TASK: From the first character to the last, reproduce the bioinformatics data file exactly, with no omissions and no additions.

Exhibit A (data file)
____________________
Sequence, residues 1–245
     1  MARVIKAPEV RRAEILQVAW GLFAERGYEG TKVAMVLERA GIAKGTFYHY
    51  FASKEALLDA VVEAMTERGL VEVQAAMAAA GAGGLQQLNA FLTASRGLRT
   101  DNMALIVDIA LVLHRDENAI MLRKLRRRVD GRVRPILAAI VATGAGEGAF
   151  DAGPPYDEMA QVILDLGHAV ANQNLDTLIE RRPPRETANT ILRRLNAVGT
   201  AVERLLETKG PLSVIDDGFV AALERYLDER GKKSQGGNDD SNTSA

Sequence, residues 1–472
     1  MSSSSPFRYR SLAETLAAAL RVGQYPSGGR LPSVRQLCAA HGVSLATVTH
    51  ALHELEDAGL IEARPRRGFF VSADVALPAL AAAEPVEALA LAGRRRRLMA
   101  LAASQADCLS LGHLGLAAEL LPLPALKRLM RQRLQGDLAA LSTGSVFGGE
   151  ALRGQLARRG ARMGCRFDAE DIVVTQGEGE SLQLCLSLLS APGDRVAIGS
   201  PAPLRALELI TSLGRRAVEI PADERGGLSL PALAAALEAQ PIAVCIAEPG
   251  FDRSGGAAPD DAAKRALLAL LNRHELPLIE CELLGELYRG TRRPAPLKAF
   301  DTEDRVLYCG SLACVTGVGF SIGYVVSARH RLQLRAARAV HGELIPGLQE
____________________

Sequence, residues 1–245
     1  MARVIKAPEV RRAEILQVAW GLFAERGYEG TKVAMVLERA GIAKGTFYHY
    51  FASKEALLDA VVEAMTERGL VEVQAAMAAA GAGGLQQLNA FLTASRGLRT
   101  DNMALIVDIA LVLHRDENAI MLRKLRRRVD GRVRPILAAI VATGAGEGAF
   151  DAGPPYDEMA QVILDLGHAV ANQNLDTLIE RRPPRETANT ILRRLNAVGT
   201  AVERLLETKG PLSVIDDGFV AALERYLDER GKKSQGGNDD SNTSA

Sequence, residues 1–472
     1  MSSSSPFRYR SLAETLAAAL RVGQYPSGGR LPSVRQLCAA HGVSLATVTH
    51  ALHELEDAGL IEARPRRGFF VSADVALPAL AAAEPVEALA LAGRRRRLMA
   101  LAASQADCLS LGHLGLAAEL LPLPALKRLM RQRLQGDLAA LSTGSVFGGE
   151  ALRGQLARRG ARMGCRFDAE DIVVTQGEGE SLQLCLSLLS APGDRVAIGS
   201  PAPLRALELI TSLGRRAVEI PADERGGLSL PALAAALEAQ PIAVCIAEPG
   251  FDRSGGAAPD DAAKRALLAL LNRHELPLIE CELLGELYRG TRRPAPLKAF
   301  DTEDRVLYCG SLACVTGVGF SIGYVVSARH RLQLRAARAV HGELIPGLQE